The last thing any corporation wants is someone who understand the entire process of how it works so they can later challenge it economically.

Our whole society is built this way. Here is a book on it.

Brubaker said...

"did the Soviets make cartoons? If so, were any of them any good? Were any commie cartoons from Soviet-bloc countries any good?

I've never seen a commie-produced toon, so I wonder."

Yeah, they did. I don't how to describe them, but quite a few of them were done in UPA style, with more emphasis on graphic design.

Whether it's good or not is subjective. If you're a fan of artsy cartoons, then you'll love it.

If you ever saw a Gene Deitch cartoon, chances are they were made in Prague. Deitch relocated there in the sixties and did alot of contract work for American distributors and television thru Bill Snyder in New York. He attracted cheap animation companies since Gene's an American and knew how to make American cartoons, and happened to live in a cheap country.

Anonymous said...

Great post, John

Vinnie Pukh (Winnie the Pooh)

Colbynfriends said...

Wow. Before reading your blogs, I never knew how harsh and how hard being in the world of animation really is. Its a good thing we have people like you that have been through a lot, and are willing to share your knowlage with the rest of us. This is the kind of stuff I should be reading before I (or anyone) jump right into professional animation.

- Colbynfriends

Joseph said...

I think animation hit an all time low towards the end of Filmation. I could have animated better on cocktail napkins at a bar.

Joseph said...

I believe animation quality hit an all time low towards the end of Filmation. I could have animated better on cocktail napkins at a bar!

Julián Höek said...

great post john!
what about the disney current short program? i think they put one in progress after that goofy's dvd story to find new talents. i guess they must do all the lay outs, animation and inbetweening there.

Rodrigo said...

Mr. K, I think you're spot on in terms of creative development. I haven't been here at DW for very long, but the disillusionment is kicking in.

It hit me hard after a prescreening of Monsters v. Aliens (a film I had high hopes for). The character design was at least interesting, and on the surface, it looked like the tone might have been bold in some offbeat way. After the credits rolled, I wasn't sitting pretty with a stomach full of processed animation spam.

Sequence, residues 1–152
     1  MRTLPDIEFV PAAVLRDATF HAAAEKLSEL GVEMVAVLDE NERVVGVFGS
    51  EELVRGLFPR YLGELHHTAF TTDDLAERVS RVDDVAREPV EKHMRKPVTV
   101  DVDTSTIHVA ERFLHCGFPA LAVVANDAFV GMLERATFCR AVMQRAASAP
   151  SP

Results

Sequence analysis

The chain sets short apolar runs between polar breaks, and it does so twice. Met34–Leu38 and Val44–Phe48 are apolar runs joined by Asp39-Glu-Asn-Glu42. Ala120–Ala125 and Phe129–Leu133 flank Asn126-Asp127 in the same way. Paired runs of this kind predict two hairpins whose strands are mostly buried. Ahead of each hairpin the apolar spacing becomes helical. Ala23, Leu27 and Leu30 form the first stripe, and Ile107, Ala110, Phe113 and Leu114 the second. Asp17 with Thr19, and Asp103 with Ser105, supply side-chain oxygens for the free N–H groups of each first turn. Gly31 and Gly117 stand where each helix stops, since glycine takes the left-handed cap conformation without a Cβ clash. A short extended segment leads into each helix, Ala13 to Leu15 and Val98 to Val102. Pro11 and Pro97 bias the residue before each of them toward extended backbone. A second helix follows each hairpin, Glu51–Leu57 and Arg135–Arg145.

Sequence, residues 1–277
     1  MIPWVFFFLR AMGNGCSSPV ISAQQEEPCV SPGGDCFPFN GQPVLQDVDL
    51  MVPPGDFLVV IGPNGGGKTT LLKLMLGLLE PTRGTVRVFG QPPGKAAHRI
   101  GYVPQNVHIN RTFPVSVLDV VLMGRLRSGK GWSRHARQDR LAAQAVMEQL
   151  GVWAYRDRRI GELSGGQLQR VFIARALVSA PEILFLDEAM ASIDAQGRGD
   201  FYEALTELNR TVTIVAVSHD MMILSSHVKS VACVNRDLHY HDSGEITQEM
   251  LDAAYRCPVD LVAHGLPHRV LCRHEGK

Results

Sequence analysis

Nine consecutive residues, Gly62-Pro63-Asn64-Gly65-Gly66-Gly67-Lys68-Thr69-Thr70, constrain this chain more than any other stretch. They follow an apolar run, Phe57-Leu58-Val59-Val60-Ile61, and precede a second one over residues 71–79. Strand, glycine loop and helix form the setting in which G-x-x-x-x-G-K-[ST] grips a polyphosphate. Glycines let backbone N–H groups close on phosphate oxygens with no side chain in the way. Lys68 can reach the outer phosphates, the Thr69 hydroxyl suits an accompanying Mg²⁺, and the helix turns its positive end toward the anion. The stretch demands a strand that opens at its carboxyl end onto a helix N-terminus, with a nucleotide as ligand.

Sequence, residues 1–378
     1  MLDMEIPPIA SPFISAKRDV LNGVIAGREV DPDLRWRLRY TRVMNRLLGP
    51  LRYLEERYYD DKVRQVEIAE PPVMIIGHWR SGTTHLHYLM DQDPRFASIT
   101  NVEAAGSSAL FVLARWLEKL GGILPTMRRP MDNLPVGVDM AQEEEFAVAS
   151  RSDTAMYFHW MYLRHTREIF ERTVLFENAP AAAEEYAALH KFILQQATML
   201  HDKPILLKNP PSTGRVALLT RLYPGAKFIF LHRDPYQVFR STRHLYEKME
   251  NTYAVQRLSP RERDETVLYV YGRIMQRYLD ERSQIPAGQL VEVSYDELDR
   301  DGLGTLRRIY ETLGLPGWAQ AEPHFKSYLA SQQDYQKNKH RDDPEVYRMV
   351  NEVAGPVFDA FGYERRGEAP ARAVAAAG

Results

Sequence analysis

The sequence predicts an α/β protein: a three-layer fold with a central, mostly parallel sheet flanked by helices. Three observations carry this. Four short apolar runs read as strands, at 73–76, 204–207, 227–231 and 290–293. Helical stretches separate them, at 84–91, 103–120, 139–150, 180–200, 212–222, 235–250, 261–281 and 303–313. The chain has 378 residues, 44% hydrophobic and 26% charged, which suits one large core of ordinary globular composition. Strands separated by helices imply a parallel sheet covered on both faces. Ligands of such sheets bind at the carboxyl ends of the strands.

That idea you mention of a group dynamic that generates novel/fresh/experimental entertainment is something that's so hard to find, but magic happens when all the stars do align.

Though I know you don't dig most CG, Brad Bird and his entourage of artists do prove your point. He has a brain trust of story artists/designers/animators who are responsible for his most notable films (minus that Rat movie in my humble opinion), and the feller himself is quite seasoned in terms of industry.

In this big studio, the departments feel very disconnected, and often I wonder how the hell the directors get to where they are. Jerry Seinfeld, for instance, was deemed the infallible creative for Bee-Movie, and look at the shitpile that turned into.

So yeah, I'm trying to figure this out, but it's nice to hear it from the Mr. Horse's mouth, so to speak.

Rudy Tenebre said...

How can the "good" be objective? Good in what sense, Moral? Ethical? The "good" belongs to those domains, which in turn belong to metaphysics, so you contradict yourself when you suggest you're contrary to the work of mystery religion. Advanced philosophical studies with a basis in scientific empiricism have even come as far as to say that qualia (or qualities) don't exist from the standpoint of objective experience, (read M.I.T.'s Daniel Dennett). And you speak of nothing but qualities. The greater philosophical orientation of your arguments are a shambles, John. I'll take a beefsteak to your funny-cute candycane, now where's the objectivity in that?